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April 23, 2024

When a money launderer's art collection comes up for auction

Photo Credit ANP

Once upon a time, the individual pictured above, Jan-Dirk Paarlberg had a prominent place in the Quote 500, with a fortune according to business publications that at its peak reached 280 million euros.  A buyer and seller of works of art, his collection is said to have included works on canvas and paper by Marc Chagall, Claude Monet, Kees van Dongen, Pierre Bonnard, Karel Appel, Pablo Picasso, and Pierre-Auguste Renoir, to name a few, as well a at least one sculpture, a statue by Feranando Botero. 

Forty-one objects from his collection have been consigned for auction and will be sold off today (and tomorrow) at Sotheby's Modern and Contemporary Art auction in Paris. 

To show the interesting way the legal art market documents artwork ownership, shielding potential buyers from distasteful facts in publicly available auction records, its worth looking at one Paarlberg-owned painting.  This hotly contested (for unrelated reasons) Portrait of Jeanne, c 1901, was painted by French impressionist Pierre-Auguste Renoir.  Its sales advertisement makes no mention of Paarlberg in its provenance, only mentioning that the painting's last owner purchased the work from Kunsthandel Frans Jacobs in Amsterdam.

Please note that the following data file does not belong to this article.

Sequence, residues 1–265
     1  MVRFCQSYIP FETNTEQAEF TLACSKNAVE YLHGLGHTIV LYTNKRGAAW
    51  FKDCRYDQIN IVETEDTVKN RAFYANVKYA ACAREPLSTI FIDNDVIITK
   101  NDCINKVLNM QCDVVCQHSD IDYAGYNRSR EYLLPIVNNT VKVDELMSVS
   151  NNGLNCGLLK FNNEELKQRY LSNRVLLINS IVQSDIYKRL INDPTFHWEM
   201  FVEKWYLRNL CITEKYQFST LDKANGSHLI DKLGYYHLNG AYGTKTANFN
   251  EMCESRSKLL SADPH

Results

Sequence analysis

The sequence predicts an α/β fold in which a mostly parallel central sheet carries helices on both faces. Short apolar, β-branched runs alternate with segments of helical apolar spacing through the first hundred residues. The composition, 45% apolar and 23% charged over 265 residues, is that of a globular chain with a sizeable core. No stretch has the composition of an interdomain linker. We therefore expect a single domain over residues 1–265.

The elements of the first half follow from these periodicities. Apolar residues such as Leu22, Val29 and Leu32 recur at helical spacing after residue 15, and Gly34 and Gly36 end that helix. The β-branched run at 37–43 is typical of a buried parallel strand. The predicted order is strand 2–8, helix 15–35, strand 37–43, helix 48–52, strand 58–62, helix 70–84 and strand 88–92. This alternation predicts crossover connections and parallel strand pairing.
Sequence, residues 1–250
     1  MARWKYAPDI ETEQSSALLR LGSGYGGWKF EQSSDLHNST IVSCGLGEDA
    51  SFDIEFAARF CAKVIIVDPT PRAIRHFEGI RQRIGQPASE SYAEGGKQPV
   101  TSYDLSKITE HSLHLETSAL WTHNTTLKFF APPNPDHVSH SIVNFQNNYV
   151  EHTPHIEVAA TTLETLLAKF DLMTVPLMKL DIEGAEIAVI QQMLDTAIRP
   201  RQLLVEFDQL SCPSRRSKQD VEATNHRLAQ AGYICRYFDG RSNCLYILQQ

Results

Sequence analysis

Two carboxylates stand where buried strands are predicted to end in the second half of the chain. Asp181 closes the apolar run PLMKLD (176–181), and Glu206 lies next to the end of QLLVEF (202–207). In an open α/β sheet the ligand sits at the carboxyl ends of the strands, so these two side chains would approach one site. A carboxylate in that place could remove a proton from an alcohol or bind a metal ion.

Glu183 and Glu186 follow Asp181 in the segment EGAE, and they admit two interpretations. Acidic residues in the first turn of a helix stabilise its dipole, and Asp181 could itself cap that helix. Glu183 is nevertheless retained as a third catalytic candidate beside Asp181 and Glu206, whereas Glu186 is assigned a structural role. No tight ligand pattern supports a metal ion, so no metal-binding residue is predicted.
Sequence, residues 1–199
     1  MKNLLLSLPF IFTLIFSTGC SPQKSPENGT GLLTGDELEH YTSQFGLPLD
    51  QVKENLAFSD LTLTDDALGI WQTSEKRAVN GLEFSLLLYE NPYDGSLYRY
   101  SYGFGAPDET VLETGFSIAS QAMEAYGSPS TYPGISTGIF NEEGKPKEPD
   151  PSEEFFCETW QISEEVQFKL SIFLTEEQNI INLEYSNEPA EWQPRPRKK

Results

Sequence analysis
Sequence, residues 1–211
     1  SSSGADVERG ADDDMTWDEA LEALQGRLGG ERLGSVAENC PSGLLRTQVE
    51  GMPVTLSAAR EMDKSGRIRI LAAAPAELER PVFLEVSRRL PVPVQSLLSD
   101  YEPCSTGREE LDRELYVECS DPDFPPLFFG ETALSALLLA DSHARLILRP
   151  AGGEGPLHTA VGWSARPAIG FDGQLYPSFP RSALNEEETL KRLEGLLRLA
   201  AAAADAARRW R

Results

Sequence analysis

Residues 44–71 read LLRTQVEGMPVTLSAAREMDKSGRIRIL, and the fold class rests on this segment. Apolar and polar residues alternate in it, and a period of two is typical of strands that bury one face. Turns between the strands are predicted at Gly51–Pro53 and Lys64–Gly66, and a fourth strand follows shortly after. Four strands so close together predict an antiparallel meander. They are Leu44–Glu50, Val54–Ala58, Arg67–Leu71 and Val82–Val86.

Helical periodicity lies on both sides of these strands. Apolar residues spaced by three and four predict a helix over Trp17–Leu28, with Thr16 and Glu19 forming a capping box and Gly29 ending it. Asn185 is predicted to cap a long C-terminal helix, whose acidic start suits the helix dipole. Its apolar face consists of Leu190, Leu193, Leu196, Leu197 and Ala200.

Instead this oil on canvas artwork, with a presales estimate of 500,000 - 700,000 EUR, lists an innocuous phrase in the text of the sale's page, which discretely states:  Sale on behalf of the Dutch State.

But who is Jan-Dirk Paarlberg and why are his purchases and this upcoming sale interesting to ARCA?

Paarlberg was the man behind the Euromast in Rotterdam, the restaurants of the Oyster Group and the co-owner of the Merwede Group, which owns a large part of the retail properties in Amsterdam's PC Hooftstraat and on Rotterdam's Lijnbaan.  He also had homes scattered in New York (at the historic Dakota), as well as in London, Portugal, and France, in addition to historic real estate in the Netherlands.  

That is until the real estate magnate's empire collapsed.